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Terra Absurdium, vol unknown [Dec. 31st, 2005|07:26 pm]
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The following was probably cut from Terra Absurdium vol. 31, as it bears a thematic resemblance to the tuber section previously located, but may also have been from an earlier work. The location where this section supposedly occurs is unknown, although several badly water damaged pages preceding it mention “the unspeakable east.” (Predictably, Eland has spoken about it anyway.) As with several other unpublished sections, the contents are so preposterous as to invite the question of whether Eland was serious, but as usual, if it was a farce, he kept a straight literary face throughout.

These pages and the accompanying drawing were brought to me by a temple rat, who found them in a crawlspace under the eaves. – Vo


…most disturbing of the settlements we encountered on the other side of the pass was undoubtedly that of Kolothon, the Rag Doll City.

Kolothon is located in a canyon surrounded by pine forests, in a temperate area above the high deserts to the south. Within this canyon are three giant…well, what to call them? Buildings? Statues? They are, in fact, megalithic rag dolls, the tallest of which is seated in the bottom of the canyon and reaches past the brim. Over the centuries, the locals have hollowed out rooms within the stuffing and live within them. Two of the dolls sit on the bottom of the canyon and house the bulk of the inhabitants, one is belly-down and draped over the side of the canyon. This one contains the great forges and stables within the body. Enormous cables hold the dolls in place, anchored with great iron hooks, although the dolls are so massive that nothing short of a glacier seems apt to move them.

The material these dolls are made of is most peculiar, being a sort of coarse weave burlap with individual threads thicker than a man’s waist, which has worn like iron. The stuffing is an unknown organic material, and has a consistency ranging between that of peat and sod. The “hair” on the heads of the dolls is made of steel hawsers as thick as tree trunks, as is the “stitching.”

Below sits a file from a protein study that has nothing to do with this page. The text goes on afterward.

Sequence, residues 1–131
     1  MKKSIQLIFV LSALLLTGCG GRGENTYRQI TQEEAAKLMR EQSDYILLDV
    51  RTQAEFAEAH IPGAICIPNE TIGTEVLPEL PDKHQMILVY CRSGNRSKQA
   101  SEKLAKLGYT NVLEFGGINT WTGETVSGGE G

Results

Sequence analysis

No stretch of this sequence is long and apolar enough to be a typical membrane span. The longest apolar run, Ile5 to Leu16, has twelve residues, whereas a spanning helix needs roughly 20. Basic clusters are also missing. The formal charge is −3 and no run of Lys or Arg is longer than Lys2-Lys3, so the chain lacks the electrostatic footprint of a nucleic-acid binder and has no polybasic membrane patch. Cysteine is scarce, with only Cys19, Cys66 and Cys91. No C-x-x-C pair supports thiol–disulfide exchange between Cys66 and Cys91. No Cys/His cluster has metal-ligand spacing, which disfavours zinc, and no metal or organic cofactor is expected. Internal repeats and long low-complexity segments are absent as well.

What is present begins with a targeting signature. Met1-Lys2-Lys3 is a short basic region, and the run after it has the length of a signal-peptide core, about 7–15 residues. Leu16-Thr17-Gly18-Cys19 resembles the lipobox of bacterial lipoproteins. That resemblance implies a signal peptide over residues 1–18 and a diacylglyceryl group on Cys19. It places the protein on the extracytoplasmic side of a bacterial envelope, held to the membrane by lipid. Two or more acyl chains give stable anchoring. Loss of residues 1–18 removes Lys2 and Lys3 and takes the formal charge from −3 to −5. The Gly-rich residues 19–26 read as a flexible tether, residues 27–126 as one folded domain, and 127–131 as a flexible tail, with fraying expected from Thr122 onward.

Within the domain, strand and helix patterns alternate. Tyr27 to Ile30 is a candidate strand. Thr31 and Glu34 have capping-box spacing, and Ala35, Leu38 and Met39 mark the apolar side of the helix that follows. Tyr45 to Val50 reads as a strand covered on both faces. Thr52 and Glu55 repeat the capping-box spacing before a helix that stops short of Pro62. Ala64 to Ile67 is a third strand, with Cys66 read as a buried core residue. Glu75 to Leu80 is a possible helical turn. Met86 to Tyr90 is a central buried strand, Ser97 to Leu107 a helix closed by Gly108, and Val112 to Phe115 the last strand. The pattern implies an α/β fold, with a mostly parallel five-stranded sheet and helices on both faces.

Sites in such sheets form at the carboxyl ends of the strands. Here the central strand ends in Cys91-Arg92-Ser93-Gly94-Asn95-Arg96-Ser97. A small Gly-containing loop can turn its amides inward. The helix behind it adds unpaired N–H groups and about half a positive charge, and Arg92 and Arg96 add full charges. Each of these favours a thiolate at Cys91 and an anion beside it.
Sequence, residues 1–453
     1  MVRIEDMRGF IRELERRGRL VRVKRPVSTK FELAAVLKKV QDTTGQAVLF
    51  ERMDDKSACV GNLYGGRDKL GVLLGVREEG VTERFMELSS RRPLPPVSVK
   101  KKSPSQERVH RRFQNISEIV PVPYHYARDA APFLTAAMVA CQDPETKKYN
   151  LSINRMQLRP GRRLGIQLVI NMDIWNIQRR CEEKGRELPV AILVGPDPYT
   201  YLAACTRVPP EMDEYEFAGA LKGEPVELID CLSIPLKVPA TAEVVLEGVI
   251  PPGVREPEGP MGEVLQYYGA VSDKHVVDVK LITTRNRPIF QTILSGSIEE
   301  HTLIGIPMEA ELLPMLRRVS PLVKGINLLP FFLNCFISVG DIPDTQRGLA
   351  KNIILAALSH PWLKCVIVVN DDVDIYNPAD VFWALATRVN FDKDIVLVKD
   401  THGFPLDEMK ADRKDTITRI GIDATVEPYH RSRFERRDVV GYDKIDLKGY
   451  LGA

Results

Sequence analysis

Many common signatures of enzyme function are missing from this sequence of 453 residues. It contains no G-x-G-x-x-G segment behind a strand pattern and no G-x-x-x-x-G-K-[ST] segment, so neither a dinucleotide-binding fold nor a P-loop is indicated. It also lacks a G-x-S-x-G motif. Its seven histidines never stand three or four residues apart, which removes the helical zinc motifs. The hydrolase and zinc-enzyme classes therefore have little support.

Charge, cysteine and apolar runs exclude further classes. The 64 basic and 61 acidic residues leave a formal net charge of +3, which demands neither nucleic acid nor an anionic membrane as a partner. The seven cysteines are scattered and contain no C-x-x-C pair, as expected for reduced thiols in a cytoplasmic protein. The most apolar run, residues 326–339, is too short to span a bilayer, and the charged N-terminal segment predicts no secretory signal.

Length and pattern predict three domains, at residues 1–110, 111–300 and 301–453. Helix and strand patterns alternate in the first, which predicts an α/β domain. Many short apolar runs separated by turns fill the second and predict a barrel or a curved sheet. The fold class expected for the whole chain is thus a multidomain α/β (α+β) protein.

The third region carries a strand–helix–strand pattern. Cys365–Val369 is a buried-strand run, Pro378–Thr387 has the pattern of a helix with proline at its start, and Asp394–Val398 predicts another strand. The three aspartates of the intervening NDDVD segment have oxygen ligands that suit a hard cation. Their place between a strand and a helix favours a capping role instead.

The inhabitants are not the creators of the dolls by any stretch, and do not know who made them. The accepted myth is that these were dolls belonging to the daughters of Inganhoait, the Heron that Holds Up the Sky, which they dropped when they were kidnapped by the great Eel of Stars. The truth, whatever it may be, is unknown, or at least was not known to our guide or any of the scholars we asked. The natives do not appear concerned that the Heron’s daughters will ever come back for their dolls, and our guide looked at me like I was an idiot when I asked, so I suspect that this is well known to be a myth and not an actual explanation.

Currently living around and inside the giant dolls are about four thousand people, a respectably sized settlement for this area. The stuffing of the dolls is readily excavated, and packs into a material much like the interior of a sod house. As ventilation is problematic in the interiors, most of the rooms are just under the surface of the cloth. The cloth, despite its evident antiquity—the dolls have been inhabited for more than six hundred years—has not suffered significant damage from weather.